Joshua Williamson (Nailbiter and Birthright) and Howard Porter (JLA and Justice League 3000) have brought Flash fans a war between Wally West and Barry Allen that they never knew they wanted. Readers see the repercussions of interactions with the Renegades, a group of future super cops themed after The Flash’s Rogues, and finally the confrontation between Wally and Hunter Zolomon a.k.a Zoom. Fans of the classic Geoff Johns run will remember the villain who recently returned at the end of The Flash Annual. Williamson has taken the scarlet speedster and given him the well written sadness and bittersweet hope he gave his previous series at Image Comics.
He has done this while staying true to the characters of The Flash mythos throughout his forty-eight issue run. Williamson has created new villains, handled classics, and delved into characters with ease while putting original spins on their stories. The aptly titled Flash War story-line is no different. The majority of this issue revolves around Wally and Zoom talking about what he’s lost since Flashpoint, ending with them arguing over whether or not to save what Wally lost due to Barry’s reboot-level screw-up.
Meanwhile, Howard Porter’s art carries an amazing expression with each character. Expressions that mix perfectly with Williamson’s script. When Wally looks at the remains of his old life in the Flash museum this reviewer’s heart breaks a little. As well as when Commander Cold, the future cop version of Captain Cold, remarks “Well then, maybe it’s time I go rogue.” I mean… is there a term for something so cliché it works? Because that would be the word to describe that moment.
There was a lack of actual action throughout the issue. Which was mostly made up of through flashback sequences in the background as Wally began to remember his past life talking to Zoom. Sure there were cool punches here and there, but the main story is the conflict between Wally and Barry as pointed out by Zoom.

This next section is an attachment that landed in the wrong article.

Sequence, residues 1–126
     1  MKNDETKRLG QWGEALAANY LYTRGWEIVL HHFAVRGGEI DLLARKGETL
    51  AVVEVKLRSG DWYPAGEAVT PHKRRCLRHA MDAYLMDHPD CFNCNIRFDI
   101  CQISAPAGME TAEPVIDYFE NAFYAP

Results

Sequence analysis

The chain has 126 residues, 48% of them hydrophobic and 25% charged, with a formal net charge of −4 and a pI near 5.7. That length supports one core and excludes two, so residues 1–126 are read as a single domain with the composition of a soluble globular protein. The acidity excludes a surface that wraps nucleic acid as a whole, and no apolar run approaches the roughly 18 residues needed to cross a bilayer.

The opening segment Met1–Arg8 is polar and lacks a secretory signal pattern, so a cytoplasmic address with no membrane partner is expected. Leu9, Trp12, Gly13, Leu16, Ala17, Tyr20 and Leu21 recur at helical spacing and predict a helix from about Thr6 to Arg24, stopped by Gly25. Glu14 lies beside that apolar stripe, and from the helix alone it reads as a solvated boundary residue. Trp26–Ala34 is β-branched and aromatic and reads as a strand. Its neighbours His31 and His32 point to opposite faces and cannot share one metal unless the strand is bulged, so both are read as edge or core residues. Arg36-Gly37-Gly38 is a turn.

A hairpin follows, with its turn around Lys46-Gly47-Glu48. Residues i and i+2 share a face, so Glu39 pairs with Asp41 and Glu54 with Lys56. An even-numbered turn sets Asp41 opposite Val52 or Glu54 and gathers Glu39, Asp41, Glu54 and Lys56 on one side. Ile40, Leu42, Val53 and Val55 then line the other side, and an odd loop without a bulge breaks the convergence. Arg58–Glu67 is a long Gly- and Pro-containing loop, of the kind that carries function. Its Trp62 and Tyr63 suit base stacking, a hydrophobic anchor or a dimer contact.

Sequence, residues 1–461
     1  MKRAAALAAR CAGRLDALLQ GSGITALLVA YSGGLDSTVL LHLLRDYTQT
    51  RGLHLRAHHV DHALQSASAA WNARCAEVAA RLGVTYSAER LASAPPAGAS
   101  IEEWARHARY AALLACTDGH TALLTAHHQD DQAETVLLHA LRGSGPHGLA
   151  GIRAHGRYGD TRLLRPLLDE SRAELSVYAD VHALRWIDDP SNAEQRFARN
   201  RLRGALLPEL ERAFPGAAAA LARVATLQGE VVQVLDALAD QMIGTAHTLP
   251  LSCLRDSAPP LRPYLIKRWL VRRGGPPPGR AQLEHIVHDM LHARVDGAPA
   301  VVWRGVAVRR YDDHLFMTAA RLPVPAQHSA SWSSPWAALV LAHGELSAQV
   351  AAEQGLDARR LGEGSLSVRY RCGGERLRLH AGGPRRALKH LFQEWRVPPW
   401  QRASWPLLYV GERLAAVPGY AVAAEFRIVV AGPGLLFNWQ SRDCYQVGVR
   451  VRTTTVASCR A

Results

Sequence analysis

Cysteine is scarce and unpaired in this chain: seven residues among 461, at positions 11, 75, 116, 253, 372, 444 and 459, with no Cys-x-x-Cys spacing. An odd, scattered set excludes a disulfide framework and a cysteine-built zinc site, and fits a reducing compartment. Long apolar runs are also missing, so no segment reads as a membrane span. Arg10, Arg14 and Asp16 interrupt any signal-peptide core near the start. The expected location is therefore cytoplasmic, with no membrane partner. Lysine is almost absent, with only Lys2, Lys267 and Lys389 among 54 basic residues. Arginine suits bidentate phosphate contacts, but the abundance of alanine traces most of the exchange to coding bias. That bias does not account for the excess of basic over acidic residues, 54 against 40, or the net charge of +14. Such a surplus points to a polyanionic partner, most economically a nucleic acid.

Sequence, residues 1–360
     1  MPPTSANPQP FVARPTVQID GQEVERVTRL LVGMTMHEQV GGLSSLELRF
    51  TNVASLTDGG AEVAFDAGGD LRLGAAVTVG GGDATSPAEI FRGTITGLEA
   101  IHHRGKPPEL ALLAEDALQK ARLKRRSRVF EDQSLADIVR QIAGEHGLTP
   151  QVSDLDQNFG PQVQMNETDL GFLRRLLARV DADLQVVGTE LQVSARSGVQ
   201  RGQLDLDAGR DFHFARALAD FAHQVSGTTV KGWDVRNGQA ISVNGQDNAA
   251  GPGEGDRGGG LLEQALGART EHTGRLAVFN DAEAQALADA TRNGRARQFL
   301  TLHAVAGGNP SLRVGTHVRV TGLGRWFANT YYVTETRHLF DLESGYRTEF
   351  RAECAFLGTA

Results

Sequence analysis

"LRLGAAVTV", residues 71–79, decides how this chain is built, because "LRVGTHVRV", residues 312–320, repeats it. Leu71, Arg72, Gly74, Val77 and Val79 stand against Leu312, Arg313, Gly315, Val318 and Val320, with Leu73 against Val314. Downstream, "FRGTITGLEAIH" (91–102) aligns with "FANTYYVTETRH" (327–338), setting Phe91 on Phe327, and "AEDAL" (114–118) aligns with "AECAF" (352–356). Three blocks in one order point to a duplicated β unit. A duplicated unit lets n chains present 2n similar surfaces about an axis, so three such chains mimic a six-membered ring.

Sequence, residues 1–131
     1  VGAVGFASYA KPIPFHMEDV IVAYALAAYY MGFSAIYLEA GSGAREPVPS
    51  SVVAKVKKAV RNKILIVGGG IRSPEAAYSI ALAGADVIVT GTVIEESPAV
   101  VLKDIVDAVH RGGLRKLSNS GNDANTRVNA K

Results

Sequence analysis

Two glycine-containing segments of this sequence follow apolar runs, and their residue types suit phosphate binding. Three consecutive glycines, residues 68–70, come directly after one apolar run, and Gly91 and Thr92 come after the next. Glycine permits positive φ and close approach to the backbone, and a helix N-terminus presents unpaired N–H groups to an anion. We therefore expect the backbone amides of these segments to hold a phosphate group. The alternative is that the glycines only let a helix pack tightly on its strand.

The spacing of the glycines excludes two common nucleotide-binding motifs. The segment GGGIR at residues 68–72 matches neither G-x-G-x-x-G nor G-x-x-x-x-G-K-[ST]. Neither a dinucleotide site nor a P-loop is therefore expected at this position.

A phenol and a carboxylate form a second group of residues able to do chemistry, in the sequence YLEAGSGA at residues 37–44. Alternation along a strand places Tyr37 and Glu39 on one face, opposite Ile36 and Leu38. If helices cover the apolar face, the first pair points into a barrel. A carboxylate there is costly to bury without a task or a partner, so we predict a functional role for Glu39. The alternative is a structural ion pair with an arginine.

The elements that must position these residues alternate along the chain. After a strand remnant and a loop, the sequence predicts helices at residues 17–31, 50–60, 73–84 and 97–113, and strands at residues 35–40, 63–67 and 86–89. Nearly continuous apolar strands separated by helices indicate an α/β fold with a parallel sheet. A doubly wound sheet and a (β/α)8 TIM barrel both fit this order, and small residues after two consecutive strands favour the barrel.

Zoom is one of the best DC villain’s, period, and a gem of the Geoff Johns golden age of comics back in the mid-2000s. Interestingly the character doesn’t want to be evil per se. He wants to make Flash better through tragedy; like, you know, killing Wally’s unborn children back in the day for instance. He’s supposedly changed in this issue, trying only to fix what Barry broke, but you can’t guess with Williamson penning the story. In the end Zoom succeeds, he lights the conflict between Wally and Barry anew.
The conflict which, without spoiling, is this: Barry went back in time to save his Mom, this made Wally as we knew him not exist and his past life not exist, but Wally came back and now he wants to “pull a Barry” to save what he lost. Barry wants to stop him because he learned from the mistake of messing with time travel while Wally thinks he only feels it’s wrong because it’s not for Barry’s benefit. So Wally’s trying to save his old life while Barry’s trying to save Wally from a terrible mistake. Does Zoom actually want whats best? Are Iris and Kid Flash going to be okay? Only one way to find out and that’s to add Flash to your pull list, which everyone should be doing. This run is one of the best series at DC right now and the best run since Geoff Johns wrote the character.
Verdict: 4.5 out of 5
Oh, is this a bio? I better tell people who I am and what I do, right? Well, that’s easy I’ll just explain that I’m a writer of sorts who goes under the alias of Nobody, but my friends call me Kade, because that’s my name. I’m a student working on a degree in creative writing.